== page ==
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7 - Neo-classical opera

from Part two - Trends

Published online by Cambridge University Press:  28 September 2011

Mervyn Cooke
Affiliation:
University of Nottingham
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Summary

‘Back to Bach’ ‘a call to order’ given the nature of the neo-classicists' own slogans, one can perhaps forgive their critics for portraying them as proponents of aesthetic regression. ‘Stravinsky and Reaction’ is in fact the very heading of the second half of Theodor Adorno's Philosophy of the New Music, written in the mid-1940s, in which the author uses all his formidable linguistic and philosophical powers to hold up Schoenberg as a paragon by at the same time stripping Stravinsky's works, in particular those of his neo-classical oeuvre, of any aesthetic justification: ‘the Soldier's Tale turns psychotic behavioural patterns into musical configurations without any hesitation’ ‘in purely musical terms, no difference can be perceived between his infantile and his neo-classical works’ (Adorno 1978a, 160, 187). Pierre Boulez has been more succinct in his judgement of Stravinsky's neo-classicism: ‘I really hate these works, I cannot stand them’ (in Danuser 1997, 330).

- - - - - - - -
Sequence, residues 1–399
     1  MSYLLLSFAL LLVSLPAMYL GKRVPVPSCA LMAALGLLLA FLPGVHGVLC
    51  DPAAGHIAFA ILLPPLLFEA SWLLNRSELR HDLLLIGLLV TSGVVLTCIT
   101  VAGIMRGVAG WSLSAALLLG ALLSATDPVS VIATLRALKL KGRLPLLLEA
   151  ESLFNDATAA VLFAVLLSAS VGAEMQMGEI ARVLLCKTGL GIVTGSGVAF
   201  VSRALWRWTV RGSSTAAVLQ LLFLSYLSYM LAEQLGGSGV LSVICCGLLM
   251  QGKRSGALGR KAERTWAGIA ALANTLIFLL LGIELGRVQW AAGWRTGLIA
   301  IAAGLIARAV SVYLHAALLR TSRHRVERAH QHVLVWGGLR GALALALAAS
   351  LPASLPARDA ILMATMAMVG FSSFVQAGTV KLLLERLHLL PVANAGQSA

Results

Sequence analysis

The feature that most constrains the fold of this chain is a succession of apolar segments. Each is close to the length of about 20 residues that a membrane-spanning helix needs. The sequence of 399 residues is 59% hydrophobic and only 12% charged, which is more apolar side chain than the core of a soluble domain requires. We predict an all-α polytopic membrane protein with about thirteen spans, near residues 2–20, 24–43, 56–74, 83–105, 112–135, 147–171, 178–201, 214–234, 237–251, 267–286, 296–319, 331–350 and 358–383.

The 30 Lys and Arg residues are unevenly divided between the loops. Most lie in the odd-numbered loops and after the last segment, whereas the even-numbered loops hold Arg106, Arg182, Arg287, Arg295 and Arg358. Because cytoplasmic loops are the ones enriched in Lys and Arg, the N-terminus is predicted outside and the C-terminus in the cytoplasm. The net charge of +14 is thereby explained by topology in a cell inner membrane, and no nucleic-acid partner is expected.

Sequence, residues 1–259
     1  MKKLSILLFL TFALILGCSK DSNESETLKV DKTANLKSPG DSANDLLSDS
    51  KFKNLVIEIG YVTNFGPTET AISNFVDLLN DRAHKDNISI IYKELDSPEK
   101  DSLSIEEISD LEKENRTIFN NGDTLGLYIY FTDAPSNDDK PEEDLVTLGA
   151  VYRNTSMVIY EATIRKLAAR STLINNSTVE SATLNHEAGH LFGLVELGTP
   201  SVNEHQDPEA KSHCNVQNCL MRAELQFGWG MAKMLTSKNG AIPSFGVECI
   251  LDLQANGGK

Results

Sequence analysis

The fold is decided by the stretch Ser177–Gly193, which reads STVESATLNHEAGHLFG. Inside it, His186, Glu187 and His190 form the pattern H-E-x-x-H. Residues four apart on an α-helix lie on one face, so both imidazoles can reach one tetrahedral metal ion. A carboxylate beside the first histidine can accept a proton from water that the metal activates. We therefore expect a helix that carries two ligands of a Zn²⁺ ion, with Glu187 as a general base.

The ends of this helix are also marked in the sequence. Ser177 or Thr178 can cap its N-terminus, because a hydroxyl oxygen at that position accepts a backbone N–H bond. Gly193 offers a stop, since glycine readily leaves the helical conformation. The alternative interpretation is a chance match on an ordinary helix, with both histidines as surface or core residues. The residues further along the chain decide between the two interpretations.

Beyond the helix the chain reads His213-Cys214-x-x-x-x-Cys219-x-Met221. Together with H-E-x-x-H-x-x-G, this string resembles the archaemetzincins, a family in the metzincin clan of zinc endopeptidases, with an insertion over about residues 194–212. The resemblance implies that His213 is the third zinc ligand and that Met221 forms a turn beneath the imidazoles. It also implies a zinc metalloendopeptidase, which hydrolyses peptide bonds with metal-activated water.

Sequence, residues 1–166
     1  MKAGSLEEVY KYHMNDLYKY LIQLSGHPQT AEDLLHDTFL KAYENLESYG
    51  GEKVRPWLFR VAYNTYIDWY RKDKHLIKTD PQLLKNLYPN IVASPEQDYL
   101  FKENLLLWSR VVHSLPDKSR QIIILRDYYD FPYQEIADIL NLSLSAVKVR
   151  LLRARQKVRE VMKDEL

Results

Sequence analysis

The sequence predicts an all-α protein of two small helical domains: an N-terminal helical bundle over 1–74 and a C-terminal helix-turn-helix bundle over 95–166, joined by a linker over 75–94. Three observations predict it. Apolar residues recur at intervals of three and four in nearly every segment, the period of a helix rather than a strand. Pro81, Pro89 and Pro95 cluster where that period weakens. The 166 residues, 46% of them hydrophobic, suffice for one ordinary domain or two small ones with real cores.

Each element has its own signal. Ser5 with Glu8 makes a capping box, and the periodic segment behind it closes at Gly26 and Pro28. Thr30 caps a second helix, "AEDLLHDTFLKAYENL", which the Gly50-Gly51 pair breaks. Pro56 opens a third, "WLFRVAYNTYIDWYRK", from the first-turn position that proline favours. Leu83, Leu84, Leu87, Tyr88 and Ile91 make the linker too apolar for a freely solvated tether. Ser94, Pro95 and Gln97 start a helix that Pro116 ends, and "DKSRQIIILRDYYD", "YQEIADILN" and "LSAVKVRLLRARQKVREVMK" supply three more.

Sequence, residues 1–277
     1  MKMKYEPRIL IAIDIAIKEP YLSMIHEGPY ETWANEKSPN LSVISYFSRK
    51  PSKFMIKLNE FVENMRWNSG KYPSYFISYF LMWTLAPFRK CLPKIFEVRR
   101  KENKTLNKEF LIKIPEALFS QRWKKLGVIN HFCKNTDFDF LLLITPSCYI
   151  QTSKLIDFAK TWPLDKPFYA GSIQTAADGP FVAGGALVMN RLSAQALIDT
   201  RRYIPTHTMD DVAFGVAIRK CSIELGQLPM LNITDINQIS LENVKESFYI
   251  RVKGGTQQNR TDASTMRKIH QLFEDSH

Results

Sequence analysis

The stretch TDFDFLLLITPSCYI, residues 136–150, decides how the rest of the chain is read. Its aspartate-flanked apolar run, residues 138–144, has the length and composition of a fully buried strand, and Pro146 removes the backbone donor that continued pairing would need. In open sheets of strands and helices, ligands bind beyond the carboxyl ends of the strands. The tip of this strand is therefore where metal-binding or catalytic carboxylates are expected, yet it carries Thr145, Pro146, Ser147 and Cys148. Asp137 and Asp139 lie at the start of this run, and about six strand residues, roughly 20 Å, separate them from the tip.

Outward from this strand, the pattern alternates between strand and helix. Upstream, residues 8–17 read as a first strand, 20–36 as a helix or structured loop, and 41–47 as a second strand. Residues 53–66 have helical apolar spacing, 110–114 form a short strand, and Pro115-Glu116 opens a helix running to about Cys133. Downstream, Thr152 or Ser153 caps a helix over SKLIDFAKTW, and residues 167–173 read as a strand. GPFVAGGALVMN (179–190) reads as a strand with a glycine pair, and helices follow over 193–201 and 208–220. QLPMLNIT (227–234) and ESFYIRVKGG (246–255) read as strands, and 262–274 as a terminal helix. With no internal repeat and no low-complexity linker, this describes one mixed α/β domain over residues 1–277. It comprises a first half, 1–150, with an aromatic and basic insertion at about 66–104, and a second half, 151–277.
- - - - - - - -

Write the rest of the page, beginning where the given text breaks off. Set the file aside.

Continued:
The term ‘neo-classicism’ has been used both to castigate and to praise. It has generally been applied solely to that music written between c. 1920 and 1950 which – as in the case of Stravinsky – is essentially tonal and employs formal, harmonic or melodic elements (or any combination thereof) taken from the music of the eighteenth century, often to ironic effect – though the term ‘neo-classicism’ is somewhat misleading, in that the source of those forms and gestures was primarily the music of the baroque rather than of Viennese classicism.

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Publisher: Cambridge University Press
Print publication year: 2005

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  • Neo-classical opera
  • Edited by Mervyn Cooke, University of Nottingham
  • Book: The Cambridge Companion to Twentieth-Century Opera
  • Online publication: 28 September 2011
  • Chapter DOI: https://doi.org/10.1017/CCOL9780521780094.008
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  • Neo-classical opera
  • Edited by Mervyn Cooke, University of Nottingham
  • Book: The Cambridge Companion to Twentieth-Century Opera
  • Online publication: 28 September 2011
  • Chapter DOI: https://doi.org/10.1017/CCOL9780521780094.008
Available formats
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To send content items to your account, please confirm that you agree to abide by our usage policies. If this is the first time you use this feature, you will be asked to authorise Cambridge Core to connect with your account. Find out more about sending content to Google Drive.

  • Neo-classical opera
  • Edited by Mervyn Cooke, University of Nottingham
  • Book: The Cambridge Companion to Twentieth-Century Opera
  • Online publication: 28 September 2011
  • Chapter DOI: https://doi.org/10.1017/CCOL9780521780094.008
Available formats
×